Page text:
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FAR-RED INSENSITIVE219 Modulates CONSTITUTIVE PHOTOMORPHOGENIC1 Activity via Physical Interaction to Regulate Hypocotyl Elongation in Arabidopsis

Jhy-Gong Wang, Chih-Hao Chen, Ching-Te Chien and Hsu-Liang Hsieh
Plant Physiology
Vol. 156, No. 2 (June 2011), pp. 631-646
Stable URL: http://www.jstor.org/stable/41434331
Page Count: 16
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Since scans are not currently available to screen readers, please contact JSTOR User Support for access. We'll provide a PDF copy for your screen reader.
FAR-RED INSENSITIVE219 Modulates CONSTITUTIVE PHOTOMORPHOGENIC1 Activity via Physical Interaction to Regulate Hypocotyl Elongation in Arabidopsis
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Abstract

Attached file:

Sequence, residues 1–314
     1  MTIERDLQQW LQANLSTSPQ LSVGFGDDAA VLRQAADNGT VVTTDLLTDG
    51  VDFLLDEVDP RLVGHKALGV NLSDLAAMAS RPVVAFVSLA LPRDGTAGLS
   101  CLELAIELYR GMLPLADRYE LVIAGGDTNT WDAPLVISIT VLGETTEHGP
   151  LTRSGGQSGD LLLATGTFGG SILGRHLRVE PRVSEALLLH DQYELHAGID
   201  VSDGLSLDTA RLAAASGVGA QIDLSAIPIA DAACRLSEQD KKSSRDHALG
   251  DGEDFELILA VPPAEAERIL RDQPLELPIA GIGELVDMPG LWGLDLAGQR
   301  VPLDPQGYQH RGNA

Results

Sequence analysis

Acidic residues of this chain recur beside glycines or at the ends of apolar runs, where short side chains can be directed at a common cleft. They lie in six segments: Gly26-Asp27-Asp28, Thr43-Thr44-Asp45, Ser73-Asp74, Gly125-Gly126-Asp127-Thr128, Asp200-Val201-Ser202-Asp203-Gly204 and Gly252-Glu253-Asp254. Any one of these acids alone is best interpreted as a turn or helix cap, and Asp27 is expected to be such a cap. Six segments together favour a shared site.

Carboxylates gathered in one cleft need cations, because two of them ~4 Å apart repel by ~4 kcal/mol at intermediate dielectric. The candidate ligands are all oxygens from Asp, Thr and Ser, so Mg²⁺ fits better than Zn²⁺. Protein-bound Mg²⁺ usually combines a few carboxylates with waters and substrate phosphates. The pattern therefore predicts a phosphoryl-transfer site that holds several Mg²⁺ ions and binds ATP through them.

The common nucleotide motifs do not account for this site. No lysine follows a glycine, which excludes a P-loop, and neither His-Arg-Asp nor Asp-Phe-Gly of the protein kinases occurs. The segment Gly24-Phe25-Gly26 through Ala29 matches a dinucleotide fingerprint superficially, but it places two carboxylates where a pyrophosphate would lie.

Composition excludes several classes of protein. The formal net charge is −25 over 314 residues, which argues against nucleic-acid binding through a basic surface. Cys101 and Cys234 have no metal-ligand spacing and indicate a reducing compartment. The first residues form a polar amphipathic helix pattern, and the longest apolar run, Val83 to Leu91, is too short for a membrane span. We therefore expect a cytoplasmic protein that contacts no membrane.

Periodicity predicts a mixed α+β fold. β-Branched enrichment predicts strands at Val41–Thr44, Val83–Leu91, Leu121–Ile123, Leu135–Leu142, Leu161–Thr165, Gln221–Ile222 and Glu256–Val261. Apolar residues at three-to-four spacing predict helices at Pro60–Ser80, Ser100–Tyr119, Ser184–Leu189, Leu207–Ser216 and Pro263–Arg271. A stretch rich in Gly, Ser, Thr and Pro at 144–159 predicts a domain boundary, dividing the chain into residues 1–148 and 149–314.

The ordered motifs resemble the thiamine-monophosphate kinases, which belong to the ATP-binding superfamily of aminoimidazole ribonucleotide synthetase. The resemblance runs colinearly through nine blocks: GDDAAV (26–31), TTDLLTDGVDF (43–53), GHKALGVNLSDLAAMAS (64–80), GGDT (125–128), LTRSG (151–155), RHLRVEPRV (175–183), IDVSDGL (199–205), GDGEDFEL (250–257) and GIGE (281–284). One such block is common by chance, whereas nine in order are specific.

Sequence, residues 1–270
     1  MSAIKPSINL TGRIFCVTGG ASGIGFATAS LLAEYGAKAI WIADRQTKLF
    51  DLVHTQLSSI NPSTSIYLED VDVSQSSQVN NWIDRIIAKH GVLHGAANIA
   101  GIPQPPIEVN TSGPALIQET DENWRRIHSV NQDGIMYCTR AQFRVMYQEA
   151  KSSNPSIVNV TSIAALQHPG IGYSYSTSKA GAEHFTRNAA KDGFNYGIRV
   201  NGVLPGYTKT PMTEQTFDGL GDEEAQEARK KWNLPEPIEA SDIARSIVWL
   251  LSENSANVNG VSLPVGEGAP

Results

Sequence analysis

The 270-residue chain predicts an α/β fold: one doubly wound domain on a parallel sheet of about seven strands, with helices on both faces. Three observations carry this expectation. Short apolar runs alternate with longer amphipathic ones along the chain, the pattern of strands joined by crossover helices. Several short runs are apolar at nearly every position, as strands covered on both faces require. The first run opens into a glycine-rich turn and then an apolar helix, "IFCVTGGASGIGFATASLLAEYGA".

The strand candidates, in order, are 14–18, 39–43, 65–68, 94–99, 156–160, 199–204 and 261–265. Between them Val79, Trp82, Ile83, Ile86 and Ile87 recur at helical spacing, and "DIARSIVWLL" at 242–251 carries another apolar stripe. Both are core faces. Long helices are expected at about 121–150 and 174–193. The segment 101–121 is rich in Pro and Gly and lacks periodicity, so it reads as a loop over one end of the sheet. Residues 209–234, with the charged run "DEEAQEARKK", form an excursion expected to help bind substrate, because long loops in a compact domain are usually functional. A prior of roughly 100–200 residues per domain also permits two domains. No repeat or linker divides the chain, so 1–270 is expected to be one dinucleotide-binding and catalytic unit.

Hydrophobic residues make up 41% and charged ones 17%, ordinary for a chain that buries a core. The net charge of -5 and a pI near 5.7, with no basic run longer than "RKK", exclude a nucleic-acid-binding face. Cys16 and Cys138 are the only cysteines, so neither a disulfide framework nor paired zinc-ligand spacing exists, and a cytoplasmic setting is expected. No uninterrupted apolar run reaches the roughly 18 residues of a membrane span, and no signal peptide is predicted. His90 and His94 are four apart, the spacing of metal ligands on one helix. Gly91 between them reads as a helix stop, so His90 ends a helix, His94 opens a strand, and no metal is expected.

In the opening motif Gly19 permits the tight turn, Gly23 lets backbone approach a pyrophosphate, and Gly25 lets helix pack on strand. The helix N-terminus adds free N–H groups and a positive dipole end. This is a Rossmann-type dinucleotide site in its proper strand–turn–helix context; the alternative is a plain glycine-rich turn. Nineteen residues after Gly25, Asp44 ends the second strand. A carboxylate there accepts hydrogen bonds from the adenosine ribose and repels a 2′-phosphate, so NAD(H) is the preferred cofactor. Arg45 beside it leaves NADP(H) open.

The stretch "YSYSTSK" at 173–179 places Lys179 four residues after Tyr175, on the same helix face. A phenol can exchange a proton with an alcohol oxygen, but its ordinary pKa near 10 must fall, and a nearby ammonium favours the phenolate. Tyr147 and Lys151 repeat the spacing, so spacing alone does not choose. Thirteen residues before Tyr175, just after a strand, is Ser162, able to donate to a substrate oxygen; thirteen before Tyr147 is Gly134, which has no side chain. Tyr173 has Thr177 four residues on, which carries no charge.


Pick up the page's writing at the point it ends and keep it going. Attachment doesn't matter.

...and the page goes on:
FAR-RED INSENSITIVE219 (FIN219) in Arabidopsis (Arabidopsis thaliana) is involved in phytochrome A-mediated far-red (FR) light signaling. Previous genetic studies revealed that FIN219 acts as an extragenic suppressor of CONSTITUTIVE PHOTOMORPHOGENIC1 (COP1). However, the molecular mechanism underlying the suppression of COP1 remains unknown. Here, we used a transgenic approach to study the regulation of COP1 by FIN219. Transgenic seedlings containing ectopie expression of the FIN219 amino (N)-terminal domain in wild-type Columbia (named NCox for the expression of the N-terminal coiled-coil domain and NTox for the N-terminal 300-amino acid region) exhibited a dominant-negative long-hypocotyl phenotype under FR light, reflected as reduced photomorphogenic responses and altered levels of COP1 and ELONGATED HYPOCOTYL5 (HY5). Yeast two-hybrid, pull-down, and bimolecular fluorescence complementation assays revealed that FIN219 could interact with the WD-40 domain of COP1 and with its N-terminal coiled-coil domain through its carboxyl-terminal domain. Further in vivo coimmunoprecipitation study confirms that FIN219 interacts with COP1 under continuous FR light. Studies of the double mutant fin219-2/cop1-6 indicated that HY5 stability requires FIN219 under darkness and FR light. Moreover, FIN219 levels positively regulated by phytochrome A can modulate the subcellular location of COP1 and are differentially regulated by various fluence rates of FR light. We conclude that the dominant-negative long-hypocotyl phenotype conferred by NCox and NTox in a wild-type background was caused by the misregulation of COP1 binding with the carboxyl terminus of FIN219. Our data provide a critical mechanism controlling the key repressor COP1 in response to FR light.

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